- Personnel
They are the ones implementing and following QMS in a laboratory. It is the laboratory director’s responsibility to develop correct job descriptions and hire adequate staff. He should also be responsible for their continuing education and should update them with the latest technologies and trends.
Employees must go through performance appraisal, which will include a detailed evaluation such as adherence to policies, observance of safety rules, communication skills, punctuality, and behaviors.- Equipment
It is important to have properly functioning equipment because it will increase performance, confidence, and reliability in the results. It also lowers repair costs and increases service life.
Efficient equipment management can be achieved by: installation, calibration, maintenance, and troubleshooting and validation.
- Purchasing and Inventory
It describes agreements that the laboratory has with customers and outside vendors, to ensure that requirements for critical supplies and services are consistently met.
Proper purchasing and inventory principles, ensure that inventory is available when required and that operations are efficient and cost-effective.
- Process Control
It describes processes, directly and indirectly, related to the laboratory’s path of workflow, to meet requirements and maintain efficient use of resources.
One of the processes critical to laboratory performance is sample management. As soon as the sample is collected it must be well stored following the recommended conditions to prevent damage.
- Information Management
Provides guidance for managing the information generated and entered into laboratory record-keeping systems, such as patient demographics, examination results, and reports and interpretations.
- Documents and records
Any required information must be available and accessible when needed. They must be updated, and standardized forms and formats must be used for recording information.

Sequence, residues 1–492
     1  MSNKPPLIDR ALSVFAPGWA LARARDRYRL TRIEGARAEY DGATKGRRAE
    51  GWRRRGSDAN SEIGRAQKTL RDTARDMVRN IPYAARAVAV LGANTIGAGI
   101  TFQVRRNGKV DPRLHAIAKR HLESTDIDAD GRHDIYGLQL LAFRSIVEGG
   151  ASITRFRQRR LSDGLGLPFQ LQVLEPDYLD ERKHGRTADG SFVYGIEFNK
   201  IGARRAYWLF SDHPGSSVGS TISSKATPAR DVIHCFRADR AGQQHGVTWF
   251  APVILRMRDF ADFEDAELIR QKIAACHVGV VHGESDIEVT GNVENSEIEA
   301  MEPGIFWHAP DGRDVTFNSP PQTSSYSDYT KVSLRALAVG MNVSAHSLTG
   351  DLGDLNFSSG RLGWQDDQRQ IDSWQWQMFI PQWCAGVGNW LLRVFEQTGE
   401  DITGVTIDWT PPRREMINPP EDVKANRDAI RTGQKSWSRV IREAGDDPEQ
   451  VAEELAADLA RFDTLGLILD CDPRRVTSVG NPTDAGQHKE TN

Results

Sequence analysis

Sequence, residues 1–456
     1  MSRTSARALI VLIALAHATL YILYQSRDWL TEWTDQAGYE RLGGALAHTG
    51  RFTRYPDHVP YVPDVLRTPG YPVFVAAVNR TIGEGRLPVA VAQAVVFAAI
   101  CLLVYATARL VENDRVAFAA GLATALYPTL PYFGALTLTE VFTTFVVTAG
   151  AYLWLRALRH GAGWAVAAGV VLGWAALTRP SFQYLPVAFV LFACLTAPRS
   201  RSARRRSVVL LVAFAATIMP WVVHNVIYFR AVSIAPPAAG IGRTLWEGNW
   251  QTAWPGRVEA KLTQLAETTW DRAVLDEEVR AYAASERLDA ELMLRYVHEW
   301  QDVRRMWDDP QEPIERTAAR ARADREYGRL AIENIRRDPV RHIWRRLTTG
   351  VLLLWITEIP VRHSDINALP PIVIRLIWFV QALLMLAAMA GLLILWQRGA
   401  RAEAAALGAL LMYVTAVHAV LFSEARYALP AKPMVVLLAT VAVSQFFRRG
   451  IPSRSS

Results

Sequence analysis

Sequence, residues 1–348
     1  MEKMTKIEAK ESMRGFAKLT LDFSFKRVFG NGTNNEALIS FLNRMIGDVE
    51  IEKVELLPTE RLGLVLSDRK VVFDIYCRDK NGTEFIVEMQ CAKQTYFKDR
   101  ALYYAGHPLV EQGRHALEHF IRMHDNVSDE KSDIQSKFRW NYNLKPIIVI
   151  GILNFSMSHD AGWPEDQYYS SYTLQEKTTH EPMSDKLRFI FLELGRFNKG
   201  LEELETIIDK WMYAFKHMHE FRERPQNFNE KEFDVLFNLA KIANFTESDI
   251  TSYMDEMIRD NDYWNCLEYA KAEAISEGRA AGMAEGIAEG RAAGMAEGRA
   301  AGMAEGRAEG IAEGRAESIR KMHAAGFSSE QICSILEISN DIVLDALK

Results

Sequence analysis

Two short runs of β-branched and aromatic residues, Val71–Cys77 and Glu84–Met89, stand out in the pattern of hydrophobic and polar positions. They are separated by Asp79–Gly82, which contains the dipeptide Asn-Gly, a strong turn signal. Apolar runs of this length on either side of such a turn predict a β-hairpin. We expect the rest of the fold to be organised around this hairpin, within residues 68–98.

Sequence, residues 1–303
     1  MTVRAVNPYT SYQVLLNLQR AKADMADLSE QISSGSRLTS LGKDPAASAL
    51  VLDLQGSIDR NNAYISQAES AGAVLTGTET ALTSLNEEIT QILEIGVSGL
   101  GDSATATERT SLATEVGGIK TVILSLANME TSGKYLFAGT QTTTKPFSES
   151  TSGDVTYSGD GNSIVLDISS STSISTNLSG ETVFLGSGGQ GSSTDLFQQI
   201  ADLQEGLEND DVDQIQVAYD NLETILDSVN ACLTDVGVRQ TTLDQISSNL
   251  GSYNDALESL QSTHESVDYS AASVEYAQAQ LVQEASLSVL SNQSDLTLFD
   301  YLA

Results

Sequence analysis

- Occurrence Management
When occurrences are found, they must be investigated for the root cause. This prevents recurrence in the future. After occurrences are detected, they can be rectified by taking appropriate Corrective and Preventive Actions (CAPAs).
- Assessment
Assessment is an integral quality principle that evaluates all the functions of an LQMS and demonstrates that it is meeting regulatory and customer requirements. ISO uses audits instead of assessments.
- Process Improvement
According to ISO 15189, a continual improvement process should: identify weaknesses, develop an improvement plan, implement it, review its effectiveness, and adjust upon.
- Customer service
Laboratories have many customers (patients, physicians, public health agencies), and the laboratory head is responsible for ensuring and measuring the degree of customer satisfaction. Different mediums can be used to measure satisfaction, such as surveys, indicators, and audits.
- Facilities and Safety
Laboratory Safety and quality are the responsibility of the laboratory head. He/she must actively participate in lab designing, assess all potential risks, and provide feedback on developing a safe laboratory.

If you are interested in QMS for laboratories, you can contact one of Intellect's experts or request a demo.

What's Next?

Now that you have learned about the importance of QMS in laboratories, learn about QMS benefits for automotive manufacturers.

Peter Cutler

Written by Peter Cutler